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The Real Life by Carolyn Anderson

On December 4, 2009, my entire life changed forever in a way that I never dreamed. I was a school teacher for 32 years, having retired in June of 2009.  I looked forward to retirement and all that went with it.  Instead, my oncologist at Vanderbilt Hospital diagnosed me with Adenocarcinoma and Squamous-cell carcinoma of the salivary gland. In the removal of the salivary gland, I would lose half of my tongue, my salivary gland, and a lymph node; the result of which would be my inability to eat or drink because I was unable to swallow. Numbed by this massive prognosis, my major thought was, “Would I be able to live through it.”


This has left me with a crazy looking tube coming out of my stomach that is my life line.  Everything in my life that I want to eat or drink has to go through this tube.  This I could not have imagined. However, the astronauts do, so I did too.

Can one really imagine not being able to eat?  NO!  It’s not a malady that will clear up in a couple of months, you will “NEVER” eat.  The way I handle this is if I get hungry for something I cook it for the family.

We do not stop to think about the social nature of eating. There are Birthdays, Anniversaries, Holidays, Graduations, Baby Showers, Weddings, Fun Times, Disney World, Church Socials, Pot Lucks, Grandchildren’s first baked cookies, and on and on.  So do I stay home and pout?   Of course not, I go on and enjoy being with who ever is being honored.  I remember my first outing after my surgery, Mother’s Day 2010.  We always gathered as a family and went out to eat.  The children all said let’s stay home, but I flat out refused.  The first time was tough, but it got “easier” as I became accustomed to the look which appears on your servers’ face when you say, “ I do not want anything.”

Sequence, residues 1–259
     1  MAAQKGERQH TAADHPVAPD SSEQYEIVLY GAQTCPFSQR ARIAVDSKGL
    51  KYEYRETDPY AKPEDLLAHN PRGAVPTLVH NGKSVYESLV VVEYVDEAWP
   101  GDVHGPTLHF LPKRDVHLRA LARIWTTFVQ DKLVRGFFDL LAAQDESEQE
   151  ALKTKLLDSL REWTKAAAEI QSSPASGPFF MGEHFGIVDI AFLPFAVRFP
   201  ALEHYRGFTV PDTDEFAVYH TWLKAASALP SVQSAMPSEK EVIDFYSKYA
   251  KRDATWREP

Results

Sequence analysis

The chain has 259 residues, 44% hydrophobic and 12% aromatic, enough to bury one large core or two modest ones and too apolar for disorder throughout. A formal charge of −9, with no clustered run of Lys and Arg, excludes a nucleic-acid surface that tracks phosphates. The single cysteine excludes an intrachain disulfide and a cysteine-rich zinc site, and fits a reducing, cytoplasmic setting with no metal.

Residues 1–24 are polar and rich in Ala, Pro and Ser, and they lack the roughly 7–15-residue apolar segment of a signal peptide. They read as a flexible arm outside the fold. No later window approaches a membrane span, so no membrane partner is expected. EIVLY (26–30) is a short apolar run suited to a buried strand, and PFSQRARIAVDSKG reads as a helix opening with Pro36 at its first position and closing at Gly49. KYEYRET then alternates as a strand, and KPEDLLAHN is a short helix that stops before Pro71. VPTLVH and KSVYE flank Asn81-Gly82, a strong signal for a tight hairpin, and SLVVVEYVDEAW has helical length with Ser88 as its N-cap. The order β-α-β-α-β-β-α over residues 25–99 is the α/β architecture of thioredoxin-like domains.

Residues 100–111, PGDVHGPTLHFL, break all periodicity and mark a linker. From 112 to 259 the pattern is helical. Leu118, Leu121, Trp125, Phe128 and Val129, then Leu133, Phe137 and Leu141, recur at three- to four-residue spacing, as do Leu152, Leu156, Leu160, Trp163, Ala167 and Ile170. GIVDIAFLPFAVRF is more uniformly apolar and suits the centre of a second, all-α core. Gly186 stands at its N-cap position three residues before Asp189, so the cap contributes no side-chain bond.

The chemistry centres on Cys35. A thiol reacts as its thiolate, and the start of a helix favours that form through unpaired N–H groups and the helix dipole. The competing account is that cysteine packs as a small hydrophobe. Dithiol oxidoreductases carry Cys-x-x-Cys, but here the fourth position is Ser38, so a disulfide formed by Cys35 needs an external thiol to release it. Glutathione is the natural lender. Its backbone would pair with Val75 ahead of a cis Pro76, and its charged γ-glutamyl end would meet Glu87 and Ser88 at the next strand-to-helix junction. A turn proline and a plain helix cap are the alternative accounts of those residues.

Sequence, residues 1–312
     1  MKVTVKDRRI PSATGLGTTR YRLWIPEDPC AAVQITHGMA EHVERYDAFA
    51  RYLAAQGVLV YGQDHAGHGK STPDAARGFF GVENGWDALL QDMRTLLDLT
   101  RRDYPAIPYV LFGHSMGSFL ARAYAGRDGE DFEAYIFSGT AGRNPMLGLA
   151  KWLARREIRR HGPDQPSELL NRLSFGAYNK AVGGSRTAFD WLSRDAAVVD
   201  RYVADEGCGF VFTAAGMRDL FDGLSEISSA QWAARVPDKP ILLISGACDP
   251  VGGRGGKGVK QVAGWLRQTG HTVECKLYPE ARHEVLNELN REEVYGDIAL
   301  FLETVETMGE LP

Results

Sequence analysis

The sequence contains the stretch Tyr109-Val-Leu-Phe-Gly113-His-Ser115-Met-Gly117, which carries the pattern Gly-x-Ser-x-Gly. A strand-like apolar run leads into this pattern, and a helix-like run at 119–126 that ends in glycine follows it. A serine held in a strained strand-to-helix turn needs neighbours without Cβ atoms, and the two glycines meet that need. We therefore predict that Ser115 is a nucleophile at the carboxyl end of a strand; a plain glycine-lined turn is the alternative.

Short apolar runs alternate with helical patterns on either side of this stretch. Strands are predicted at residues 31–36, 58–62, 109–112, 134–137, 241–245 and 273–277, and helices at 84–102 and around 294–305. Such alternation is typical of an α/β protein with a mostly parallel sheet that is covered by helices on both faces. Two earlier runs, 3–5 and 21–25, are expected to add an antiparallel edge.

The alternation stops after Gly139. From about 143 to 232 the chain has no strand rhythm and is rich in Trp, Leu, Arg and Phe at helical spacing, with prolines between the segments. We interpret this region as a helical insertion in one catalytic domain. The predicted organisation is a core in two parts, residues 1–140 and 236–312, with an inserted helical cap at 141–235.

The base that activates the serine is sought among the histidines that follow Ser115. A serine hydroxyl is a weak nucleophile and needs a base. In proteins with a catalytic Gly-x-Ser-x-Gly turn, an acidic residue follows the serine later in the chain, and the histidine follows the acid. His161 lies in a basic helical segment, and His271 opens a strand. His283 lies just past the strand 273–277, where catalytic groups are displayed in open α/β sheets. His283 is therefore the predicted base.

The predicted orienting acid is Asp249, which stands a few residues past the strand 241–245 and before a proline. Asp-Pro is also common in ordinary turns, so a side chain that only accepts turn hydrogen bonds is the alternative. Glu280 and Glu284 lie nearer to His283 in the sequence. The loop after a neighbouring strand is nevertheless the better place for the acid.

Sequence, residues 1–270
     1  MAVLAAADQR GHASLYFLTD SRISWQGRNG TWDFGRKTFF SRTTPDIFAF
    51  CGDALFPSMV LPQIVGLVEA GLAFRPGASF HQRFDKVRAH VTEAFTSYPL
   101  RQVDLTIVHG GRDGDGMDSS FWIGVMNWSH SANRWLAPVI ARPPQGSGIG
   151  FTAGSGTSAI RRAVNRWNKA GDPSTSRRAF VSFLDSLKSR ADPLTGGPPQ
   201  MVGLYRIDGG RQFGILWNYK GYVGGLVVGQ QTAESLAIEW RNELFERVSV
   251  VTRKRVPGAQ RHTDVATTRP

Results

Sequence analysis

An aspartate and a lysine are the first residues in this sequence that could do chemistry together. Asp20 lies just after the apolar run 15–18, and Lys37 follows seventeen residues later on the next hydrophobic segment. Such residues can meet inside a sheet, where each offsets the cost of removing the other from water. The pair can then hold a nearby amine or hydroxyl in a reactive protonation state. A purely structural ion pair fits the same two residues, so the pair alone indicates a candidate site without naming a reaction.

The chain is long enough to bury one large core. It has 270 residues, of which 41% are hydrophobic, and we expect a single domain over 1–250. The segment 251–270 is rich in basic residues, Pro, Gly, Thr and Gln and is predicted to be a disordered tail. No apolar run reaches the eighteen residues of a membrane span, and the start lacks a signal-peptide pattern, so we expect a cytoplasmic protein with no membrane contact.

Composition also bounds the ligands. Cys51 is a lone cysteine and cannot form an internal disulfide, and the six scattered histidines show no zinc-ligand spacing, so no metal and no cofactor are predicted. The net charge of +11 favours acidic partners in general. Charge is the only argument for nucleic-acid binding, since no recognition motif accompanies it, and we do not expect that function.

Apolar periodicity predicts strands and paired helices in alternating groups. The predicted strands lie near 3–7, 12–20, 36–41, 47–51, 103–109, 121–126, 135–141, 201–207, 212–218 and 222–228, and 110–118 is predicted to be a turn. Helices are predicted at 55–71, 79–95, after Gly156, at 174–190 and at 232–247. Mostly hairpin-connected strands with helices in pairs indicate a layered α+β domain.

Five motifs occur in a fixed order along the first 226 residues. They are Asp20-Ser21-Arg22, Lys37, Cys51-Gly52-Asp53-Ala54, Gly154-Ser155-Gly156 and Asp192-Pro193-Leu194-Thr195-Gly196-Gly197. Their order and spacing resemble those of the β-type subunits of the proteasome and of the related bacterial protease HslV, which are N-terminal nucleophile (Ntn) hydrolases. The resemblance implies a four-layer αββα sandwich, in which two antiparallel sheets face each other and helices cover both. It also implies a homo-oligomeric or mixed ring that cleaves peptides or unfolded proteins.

So, when we do eat out, I find ways to cope. I started by waiting until we got home to eat with a gravity bag hanging overhead while everyone else engaged in other activities.  Then, I started taking it with me and pumping it into my tube in the restroom of the restaurant where people stared and children asked, “What’s that?”  Not to mention the public bathrooms even in America are not very desirable.  Now, I simply sit at the table with whomever and proceed to pour my formula into a syringe that I insert into my feeding tube.  I can laugh and talk while we are eating and finish when everyone else does, sometimes ahead.  To date, I have never seen anyone else do this, but it is a delightful way to manage things.

The only thing that is still hard to do is go to a movie without popcorn and a large Pepsi.  I use to tell my doctor if only I could have some McDonald’s sweet tea, I would be happy.  Some things are a little harder than others to say, “OK.”

But after all, I am still alive and with my wonderful family.  I can still see my grandchildren perform at school, listen to others sing at church, go to social events, and celebrate life itself.

I have become as the eagle, the only bird that flies above the storms rather than perish.

None of this would be possible if I did not believe in God, have the most unselfish husband in the world, and a family of children and grandchildren that are the world’s best.


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Food for thought is providing comment posts

How does your experience compare with Carolyn’s?

What is one thing you learned from Carolyn that you could apply to your own situation?

If you’ve experienced a similar situation, what helped you cope with your experience?

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